ICE’s attempt to arrest this woman made local headlines, but the stories had few details about the agency’s target. She had been arrested by the NYPD in February in Queens and charged with prostitution and practicing massage without a license, a common allegation after police raid massage parlors. This arrest is how she ended up in AP8, one of New York’s human trafficking intervention courts, and how she came to be described in statements to the press as a victim of human trafficking — though she had made no statements of her own.

A human trafficking intervention court does not prosecute people for trafficking. The “intervention” in the name begins with vice officers, after they place someone accused of prostitution offenses in handcuffs. “By and large, we work under the assumption that anyone who’s charged with this kind of crime is trafficked in some way,” Judge Judy Harris Kluger, one of the court’s prominent advocates, told the City Council in 2013. The courts, she has written, are meant to treat those arrested as “victims, not defendants.”

Now ICE has signaled that it will use the trafficking courts as a way to stalk immigrants.

+ This is your voting laws round-up for 2017. So far.

+ Buzzfeed’s Ali Vingiano makes the case for why we need to #PassTheERA in this mini-doc:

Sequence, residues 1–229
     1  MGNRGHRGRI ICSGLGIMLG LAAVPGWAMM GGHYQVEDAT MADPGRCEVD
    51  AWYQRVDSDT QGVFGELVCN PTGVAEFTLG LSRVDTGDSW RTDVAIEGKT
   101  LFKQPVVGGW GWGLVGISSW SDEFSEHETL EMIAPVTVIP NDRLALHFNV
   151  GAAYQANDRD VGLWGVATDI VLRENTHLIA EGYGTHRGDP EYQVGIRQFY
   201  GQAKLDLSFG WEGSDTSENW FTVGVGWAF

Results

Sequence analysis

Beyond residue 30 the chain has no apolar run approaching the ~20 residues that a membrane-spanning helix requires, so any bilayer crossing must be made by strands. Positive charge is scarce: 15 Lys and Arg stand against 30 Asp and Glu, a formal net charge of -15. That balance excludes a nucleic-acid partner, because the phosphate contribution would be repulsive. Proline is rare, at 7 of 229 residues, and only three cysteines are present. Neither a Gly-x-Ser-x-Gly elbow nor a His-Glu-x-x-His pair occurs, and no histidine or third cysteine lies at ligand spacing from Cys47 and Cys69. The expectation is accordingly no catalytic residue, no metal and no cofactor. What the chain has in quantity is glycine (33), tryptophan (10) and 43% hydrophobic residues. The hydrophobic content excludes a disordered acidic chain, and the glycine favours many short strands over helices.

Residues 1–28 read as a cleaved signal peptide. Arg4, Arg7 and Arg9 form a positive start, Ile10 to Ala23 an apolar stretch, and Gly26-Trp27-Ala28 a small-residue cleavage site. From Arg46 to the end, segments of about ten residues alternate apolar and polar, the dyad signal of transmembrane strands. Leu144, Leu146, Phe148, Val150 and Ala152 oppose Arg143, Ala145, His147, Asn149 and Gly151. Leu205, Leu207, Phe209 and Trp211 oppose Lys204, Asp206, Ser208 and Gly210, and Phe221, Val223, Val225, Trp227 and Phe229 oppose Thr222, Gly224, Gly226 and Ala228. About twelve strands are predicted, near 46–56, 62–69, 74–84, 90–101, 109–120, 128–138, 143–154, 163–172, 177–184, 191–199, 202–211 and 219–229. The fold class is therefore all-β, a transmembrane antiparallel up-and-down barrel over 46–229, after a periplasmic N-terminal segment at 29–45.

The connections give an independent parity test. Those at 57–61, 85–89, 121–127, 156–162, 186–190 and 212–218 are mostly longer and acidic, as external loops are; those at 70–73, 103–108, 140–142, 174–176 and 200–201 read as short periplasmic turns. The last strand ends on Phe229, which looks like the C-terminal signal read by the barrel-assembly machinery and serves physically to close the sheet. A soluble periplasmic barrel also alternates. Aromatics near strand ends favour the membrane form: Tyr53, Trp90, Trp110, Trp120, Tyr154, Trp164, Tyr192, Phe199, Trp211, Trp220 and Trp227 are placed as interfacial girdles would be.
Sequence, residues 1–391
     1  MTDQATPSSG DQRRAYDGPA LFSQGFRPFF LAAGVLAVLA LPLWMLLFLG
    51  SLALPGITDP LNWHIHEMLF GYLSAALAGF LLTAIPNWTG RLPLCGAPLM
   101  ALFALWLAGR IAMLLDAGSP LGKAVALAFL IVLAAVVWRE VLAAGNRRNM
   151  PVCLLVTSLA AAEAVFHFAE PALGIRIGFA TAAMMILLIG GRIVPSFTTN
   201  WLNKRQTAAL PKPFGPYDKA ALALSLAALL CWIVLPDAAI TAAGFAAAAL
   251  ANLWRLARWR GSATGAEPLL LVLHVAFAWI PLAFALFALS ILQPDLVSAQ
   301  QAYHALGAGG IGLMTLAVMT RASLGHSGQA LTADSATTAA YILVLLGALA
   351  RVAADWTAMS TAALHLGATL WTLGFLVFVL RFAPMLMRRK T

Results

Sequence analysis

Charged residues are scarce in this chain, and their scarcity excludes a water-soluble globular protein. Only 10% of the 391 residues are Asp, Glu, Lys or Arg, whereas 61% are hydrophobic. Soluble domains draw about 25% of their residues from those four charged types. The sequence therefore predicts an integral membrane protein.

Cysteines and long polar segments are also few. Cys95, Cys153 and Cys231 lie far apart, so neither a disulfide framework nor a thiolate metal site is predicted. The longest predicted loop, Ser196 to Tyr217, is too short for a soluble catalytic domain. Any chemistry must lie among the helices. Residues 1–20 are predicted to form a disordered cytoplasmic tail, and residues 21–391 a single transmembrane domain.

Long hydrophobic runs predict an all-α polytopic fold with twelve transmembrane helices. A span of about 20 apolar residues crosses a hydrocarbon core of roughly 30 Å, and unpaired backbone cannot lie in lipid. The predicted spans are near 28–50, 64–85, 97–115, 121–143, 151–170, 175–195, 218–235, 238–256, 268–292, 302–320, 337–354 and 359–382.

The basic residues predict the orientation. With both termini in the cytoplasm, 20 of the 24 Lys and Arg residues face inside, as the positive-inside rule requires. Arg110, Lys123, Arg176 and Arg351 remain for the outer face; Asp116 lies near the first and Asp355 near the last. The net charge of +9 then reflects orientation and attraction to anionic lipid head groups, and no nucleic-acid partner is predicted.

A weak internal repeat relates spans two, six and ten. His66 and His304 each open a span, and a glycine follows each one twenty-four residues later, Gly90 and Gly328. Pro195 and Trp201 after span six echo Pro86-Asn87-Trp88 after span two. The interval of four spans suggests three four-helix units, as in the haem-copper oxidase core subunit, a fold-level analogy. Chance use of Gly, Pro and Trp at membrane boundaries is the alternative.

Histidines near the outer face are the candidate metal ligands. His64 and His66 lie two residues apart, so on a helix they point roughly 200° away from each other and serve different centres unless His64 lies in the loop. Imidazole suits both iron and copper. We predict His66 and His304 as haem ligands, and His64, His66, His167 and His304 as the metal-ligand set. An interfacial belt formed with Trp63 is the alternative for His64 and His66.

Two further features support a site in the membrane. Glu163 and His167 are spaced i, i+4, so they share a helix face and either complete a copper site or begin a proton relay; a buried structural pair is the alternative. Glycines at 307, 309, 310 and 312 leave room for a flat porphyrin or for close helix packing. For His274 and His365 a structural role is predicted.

+ We need to rewrite development models under Trump.

The development sector isn’t doing too well. In the United States, President Trump’s proposed budget cuts to foreign aid and development have sent most U.S.-based NGOs into panic mode, leaving them stranded in a funding model that, stripped of government contributions, no longer meets their organizational needs.

Last month, the administration’s new budget revealed 32% overall cuts to the International Affairs Budget – also known as the Function 150 Account. The new budget nullifies the “International Organizations and Programs” line item, among others. The rationale behind this? The administration “seeks to reduce or end direct funding to international organizations whose missions do not substantially advance U.S. foreign policy interests, are duplicative, or are not well-managed.” While no one knows for sure how this will affect funding for NGOs, there is reason to believe this will have a devastating effect on many within the industry. Needless to say, the industry is holding its breath.